Three Steps To Determine Which Customer Group You Should Be Targeting
Marketing plays a fundamental role in business, it's the channel that we use to attract and retain customers. But a critical question that needs to be answered before we engage in any marketing efforts is, which customers? Who should we be targeting in order to maximize profits and long-term success?
THREE STEPS TO DETERMINE WHICH CUSTOMER GROUP TO TARGET:
- Segment The Market
- Evaluate Each Segment: Market Targeting
- Select A Target Segment And Position Your Product
Segment the Market
So what exactly is market segmentation? Segmentation is the process of dividing your target market into sub-groups based on common demographics and product value drivers so you can focus your marketing and sales efforts on the group that is most likely to purchase your product. Customer needs and wants differ across segments, and there are existing competitors trying to cater to those needs. Coming up with a single product or service that satisfies the needs and wants across multiple segments better than the existing competition in each segment is extremely expensive, difficult, and time consuming. You will generate a higher return on your marketing investment by focusing on the group who's needs you can best satisfy.
Step 1) Group customers in your target market into segments based on demographic, geographic, and psychographic variables
Demographic variables: age, occupation, income level, education
Psychographic variables: motives for product purchase, lifestyle, personality characteristics
Geographic variables: location, population, density, urban/rural
Example: Say I started a male t-shirt line with the following product features: high quality, simple design, locally sourced fabric, slim fit. In an ideal world I would be providing these t-shirts to every male who valued those attributes. But in reality there is a variation in people’s assignment of value to each of these attributes, and competitors supply products that attempt to satisfy these targeted needs. So let’s break down this target market more deeply.
Segment 1: Males 25-35, young professionals, above average income, price insensitive, career focused, simple style, city-based, single or married, no children, working in “new-age” professions like tech, thus dressing simple yet clean to work, would wear t-shirt for work
Segment 2: Males 35-45, professionals, price sensitive, simple style, city-based, married, children, working in fields like law, thus wearing clean crisp t-shirts under dress shirt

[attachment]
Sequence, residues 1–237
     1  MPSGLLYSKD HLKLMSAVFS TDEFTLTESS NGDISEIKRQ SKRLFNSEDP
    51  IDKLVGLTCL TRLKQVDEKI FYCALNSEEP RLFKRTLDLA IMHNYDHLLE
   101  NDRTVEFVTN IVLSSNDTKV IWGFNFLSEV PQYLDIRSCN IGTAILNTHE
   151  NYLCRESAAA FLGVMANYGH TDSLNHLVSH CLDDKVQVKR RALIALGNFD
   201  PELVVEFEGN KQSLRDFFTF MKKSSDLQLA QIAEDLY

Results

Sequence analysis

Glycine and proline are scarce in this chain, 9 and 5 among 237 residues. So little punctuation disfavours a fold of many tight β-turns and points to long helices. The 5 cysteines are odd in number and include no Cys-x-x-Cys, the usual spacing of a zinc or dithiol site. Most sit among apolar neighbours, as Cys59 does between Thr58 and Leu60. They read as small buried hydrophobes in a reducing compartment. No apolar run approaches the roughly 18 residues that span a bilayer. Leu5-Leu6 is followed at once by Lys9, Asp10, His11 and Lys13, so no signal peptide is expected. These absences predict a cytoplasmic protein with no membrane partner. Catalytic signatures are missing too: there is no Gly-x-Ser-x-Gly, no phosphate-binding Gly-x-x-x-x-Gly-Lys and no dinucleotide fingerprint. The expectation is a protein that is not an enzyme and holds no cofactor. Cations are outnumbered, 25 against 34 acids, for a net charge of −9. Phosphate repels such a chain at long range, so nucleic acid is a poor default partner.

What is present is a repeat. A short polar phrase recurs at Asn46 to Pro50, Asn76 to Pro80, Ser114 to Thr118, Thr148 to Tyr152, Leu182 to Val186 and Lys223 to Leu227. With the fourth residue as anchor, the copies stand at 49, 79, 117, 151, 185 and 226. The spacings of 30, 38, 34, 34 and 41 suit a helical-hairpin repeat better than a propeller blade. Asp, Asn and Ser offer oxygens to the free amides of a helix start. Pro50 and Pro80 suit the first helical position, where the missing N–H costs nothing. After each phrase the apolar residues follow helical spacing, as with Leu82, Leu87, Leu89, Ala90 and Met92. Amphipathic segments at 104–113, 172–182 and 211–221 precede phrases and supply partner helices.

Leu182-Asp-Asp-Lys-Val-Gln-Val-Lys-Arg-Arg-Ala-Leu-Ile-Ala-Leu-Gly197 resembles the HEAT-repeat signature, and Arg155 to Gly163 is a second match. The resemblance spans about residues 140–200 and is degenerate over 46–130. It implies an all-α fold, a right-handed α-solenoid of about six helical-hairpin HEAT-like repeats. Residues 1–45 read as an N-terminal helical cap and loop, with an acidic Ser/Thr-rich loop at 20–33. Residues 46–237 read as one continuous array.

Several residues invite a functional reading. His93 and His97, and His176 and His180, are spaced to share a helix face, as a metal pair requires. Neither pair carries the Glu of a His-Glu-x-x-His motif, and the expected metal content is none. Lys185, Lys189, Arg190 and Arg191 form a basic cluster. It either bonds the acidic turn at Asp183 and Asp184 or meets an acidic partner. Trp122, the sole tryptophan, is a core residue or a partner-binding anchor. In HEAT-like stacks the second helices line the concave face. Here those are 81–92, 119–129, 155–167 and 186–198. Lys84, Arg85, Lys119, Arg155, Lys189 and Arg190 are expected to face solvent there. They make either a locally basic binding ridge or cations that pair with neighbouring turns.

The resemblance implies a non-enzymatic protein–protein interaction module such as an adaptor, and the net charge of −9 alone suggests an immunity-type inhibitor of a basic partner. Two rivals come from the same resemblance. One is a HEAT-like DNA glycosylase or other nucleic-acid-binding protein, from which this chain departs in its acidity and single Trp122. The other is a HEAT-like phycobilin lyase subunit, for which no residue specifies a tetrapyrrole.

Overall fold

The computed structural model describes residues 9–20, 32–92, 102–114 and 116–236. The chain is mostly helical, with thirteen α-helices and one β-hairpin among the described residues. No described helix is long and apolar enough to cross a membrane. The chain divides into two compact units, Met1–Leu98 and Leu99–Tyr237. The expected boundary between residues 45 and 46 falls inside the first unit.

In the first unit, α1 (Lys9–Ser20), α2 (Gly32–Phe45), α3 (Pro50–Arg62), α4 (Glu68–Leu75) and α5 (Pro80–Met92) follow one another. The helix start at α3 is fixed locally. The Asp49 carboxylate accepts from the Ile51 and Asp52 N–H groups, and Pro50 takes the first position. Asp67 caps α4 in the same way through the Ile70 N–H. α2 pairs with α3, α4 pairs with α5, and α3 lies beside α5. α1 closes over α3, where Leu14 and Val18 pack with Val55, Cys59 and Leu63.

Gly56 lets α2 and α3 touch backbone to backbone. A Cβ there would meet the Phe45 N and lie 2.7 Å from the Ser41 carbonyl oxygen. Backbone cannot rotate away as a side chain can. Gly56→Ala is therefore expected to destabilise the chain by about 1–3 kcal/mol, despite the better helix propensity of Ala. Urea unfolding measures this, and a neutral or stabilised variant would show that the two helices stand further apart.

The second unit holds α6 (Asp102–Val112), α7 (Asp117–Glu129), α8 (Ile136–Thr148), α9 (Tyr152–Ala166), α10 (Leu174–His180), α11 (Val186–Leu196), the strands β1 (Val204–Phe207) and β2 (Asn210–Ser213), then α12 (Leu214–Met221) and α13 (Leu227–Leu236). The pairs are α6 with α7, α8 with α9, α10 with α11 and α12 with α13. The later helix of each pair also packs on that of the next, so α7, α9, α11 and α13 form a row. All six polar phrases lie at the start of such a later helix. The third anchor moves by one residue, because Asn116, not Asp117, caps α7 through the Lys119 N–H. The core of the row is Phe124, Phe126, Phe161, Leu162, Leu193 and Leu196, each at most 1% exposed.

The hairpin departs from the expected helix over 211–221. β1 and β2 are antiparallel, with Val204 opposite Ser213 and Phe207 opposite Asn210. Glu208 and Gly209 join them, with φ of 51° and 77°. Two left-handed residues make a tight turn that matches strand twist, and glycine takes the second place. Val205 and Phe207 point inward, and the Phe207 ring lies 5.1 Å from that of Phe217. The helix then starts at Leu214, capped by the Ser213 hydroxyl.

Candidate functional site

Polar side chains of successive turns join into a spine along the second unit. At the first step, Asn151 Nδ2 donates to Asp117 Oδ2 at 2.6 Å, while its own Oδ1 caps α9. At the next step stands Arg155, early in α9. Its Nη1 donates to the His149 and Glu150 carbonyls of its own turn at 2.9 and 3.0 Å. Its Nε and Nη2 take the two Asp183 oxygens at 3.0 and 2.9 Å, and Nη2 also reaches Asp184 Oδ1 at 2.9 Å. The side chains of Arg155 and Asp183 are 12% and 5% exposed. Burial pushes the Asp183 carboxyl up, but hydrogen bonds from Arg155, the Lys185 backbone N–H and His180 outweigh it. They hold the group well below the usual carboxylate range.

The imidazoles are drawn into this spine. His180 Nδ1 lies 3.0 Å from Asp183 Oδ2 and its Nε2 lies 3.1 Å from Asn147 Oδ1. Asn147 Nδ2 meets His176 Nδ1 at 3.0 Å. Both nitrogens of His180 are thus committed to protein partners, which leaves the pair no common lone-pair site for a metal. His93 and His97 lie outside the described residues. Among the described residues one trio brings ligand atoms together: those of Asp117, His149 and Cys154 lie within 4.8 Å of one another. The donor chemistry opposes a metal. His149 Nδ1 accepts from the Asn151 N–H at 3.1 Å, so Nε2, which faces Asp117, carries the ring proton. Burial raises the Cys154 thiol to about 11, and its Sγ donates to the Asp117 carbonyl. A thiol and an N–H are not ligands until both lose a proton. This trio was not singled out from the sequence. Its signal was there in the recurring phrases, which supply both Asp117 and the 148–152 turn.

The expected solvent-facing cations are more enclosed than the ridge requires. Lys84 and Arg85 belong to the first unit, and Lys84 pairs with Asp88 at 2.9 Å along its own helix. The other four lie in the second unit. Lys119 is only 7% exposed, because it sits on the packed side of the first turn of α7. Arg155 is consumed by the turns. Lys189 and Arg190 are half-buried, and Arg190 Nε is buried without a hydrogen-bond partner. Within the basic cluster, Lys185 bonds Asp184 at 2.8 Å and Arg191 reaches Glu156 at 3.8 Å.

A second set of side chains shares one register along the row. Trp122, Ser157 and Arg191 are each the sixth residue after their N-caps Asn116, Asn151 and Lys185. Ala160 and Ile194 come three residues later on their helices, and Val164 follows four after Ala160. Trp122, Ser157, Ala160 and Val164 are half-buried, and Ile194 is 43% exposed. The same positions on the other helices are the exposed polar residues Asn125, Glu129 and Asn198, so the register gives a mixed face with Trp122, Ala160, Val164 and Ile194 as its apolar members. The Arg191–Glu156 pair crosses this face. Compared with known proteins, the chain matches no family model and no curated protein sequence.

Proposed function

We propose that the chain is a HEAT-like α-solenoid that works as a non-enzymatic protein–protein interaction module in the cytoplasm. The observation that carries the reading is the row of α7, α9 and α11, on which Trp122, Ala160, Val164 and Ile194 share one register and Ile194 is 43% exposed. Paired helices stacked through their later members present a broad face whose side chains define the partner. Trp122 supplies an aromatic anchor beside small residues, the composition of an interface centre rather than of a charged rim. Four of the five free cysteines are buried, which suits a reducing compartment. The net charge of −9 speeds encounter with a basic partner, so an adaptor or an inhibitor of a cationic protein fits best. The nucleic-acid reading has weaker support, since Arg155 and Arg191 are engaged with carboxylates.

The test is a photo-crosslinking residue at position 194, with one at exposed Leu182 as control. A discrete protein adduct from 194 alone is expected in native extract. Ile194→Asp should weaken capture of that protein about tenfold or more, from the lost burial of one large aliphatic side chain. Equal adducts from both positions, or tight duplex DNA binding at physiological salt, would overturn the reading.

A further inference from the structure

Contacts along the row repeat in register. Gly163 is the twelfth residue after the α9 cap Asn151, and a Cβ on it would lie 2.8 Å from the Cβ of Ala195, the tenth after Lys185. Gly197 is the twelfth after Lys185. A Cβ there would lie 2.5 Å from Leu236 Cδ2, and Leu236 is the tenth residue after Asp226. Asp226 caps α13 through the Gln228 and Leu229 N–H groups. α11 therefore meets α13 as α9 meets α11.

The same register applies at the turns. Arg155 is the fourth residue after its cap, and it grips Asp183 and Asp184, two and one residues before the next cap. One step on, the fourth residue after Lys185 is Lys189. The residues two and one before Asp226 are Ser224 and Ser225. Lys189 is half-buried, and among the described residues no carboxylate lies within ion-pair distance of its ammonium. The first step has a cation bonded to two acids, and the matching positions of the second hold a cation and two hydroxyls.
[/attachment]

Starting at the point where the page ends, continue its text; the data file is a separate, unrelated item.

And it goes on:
Segment 3: Males 30-45, stable 9-5 career, slightly price sensitive, simple style, suburban- based, married, children, would wear t-shirts more leisurely (weekends and after work)
Step 2) Assign Value Drivers
Once you have grouped your target market into segments based on the sub-sets of variables, assign value drivers to each segment- the key product features and qualities that are fundamental to that segments purchasing decision.
Examples of value drivers: price, quality, reliability, life-span, uniqueness, crowd appeal, aesthetic, elegance, snob-value, experience…
Using our example..
Segment 1: Clean/sharp look, simplicity, high quality, local sourcing
Segment 2: Slim fit, high quality, simplicity
Segment 3: Clean look, simplicity, low/medium price
Step 3) Determine Market Variables
- List the competitors for each segment and what they are offering
- Determine the size and growth rates of each segment
- These steps involve market research, and sometimes some estimating, but are important variables to collect.
At this point you have all of the information you need and can construct an analysis table like the one seen below.
Time to move on to the next step, market targeting.
Evaluate Each Segment: Market Targeting
Market targeting involves evaluating and selecting the market segment to enter by analyzing your customer, company, and competitor data.
Step 1) Based on your company’s competencies, as well as cost or technological constraints, determine if your company has the ability to deliver on the customer value drivers for each segment. Eliminate segments where the match is not good.
For example, locally sourced material means higher costs, which translates into a higher price. Segment 3 doesn’t value sourcing location, and is price sensitive, eliminate this segment.
Step 2) Analyze the strength and intensity of competition in the remaining segments.
- Number of competitors in each segment
- Customer loyalty to competitor products
- Your company’s ability to deliver on the value drivers better than the competition (ability to differentiate)
Eliminate segments where you are unable to differentiate from the competition, especially if the competition is fierce (slow growth and would be fighting for market share).
Step 3) For remaining segments, compare the market size and growth rates. If resources are constrained (capital, technology), choose the more favorable segment.
Select A Target Segment and Position Your Product
You should now have a clear picture of the market segment(s) you should focus on. Position your product to align with this segment by emphasizing the value drivers important to these customers in your branding and marketing. In order to differentiate your product from competitors in this lane, place extreme emphasis on the value drivers competitors are currently not providing or successfully delivering on.